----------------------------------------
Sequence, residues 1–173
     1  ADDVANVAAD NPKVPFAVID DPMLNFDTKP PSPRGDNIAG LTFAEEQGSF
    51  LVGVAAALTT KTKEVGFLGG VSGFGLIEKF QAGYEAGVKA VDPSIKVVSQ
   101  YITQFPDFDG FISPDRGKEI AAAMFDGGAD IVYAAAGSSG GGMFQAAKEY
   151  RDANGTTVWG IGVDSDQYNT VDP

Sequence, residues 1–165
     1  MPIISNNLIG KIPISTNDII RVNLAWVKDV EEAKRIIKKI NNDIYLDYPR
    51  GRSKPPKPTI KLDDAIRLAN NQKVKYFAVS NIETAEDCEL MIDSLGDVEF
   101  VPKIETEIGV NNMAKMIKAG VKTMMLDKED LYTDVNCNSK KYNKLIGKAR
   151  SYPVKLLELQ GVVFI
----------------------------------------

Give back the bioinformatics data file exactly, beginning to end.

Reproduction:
Sequence, residues 1–173
     1  ADDVANVAAD NPKVPFAVID DPMLNFDTKP PSPRGDNIAG LTFAEEQGSF
    51  LVGVAAALTT KTKEVGFLGG VSGFGLIEKF QAGYEAGVKA VDPSIKVVSQ
   101  YITQFPDFDG FISPDRGKEI AAAMFDGGAD IVYAAAGSSG GGMFQAAKEY
   151  RDANGTTVWG IGVDSDQYNT VDP

Sequence, residues 1–165
     1  MPIISNNLIG KIPISTNDII RVNLAWVKDV EEAKRIIKKI NNDIYLDYPR
    51  GRSKPPKPTI KLDDAIRLAN NQKVKYFAVS NIETAEDCEL MIDSLGDVEF
   101  VPKIETEIGV NNMAKMIKAG VKTMMLDKED LYTDVNCNSK KYNKLIGKAR
   151  SYPVKLLELQ GVVFI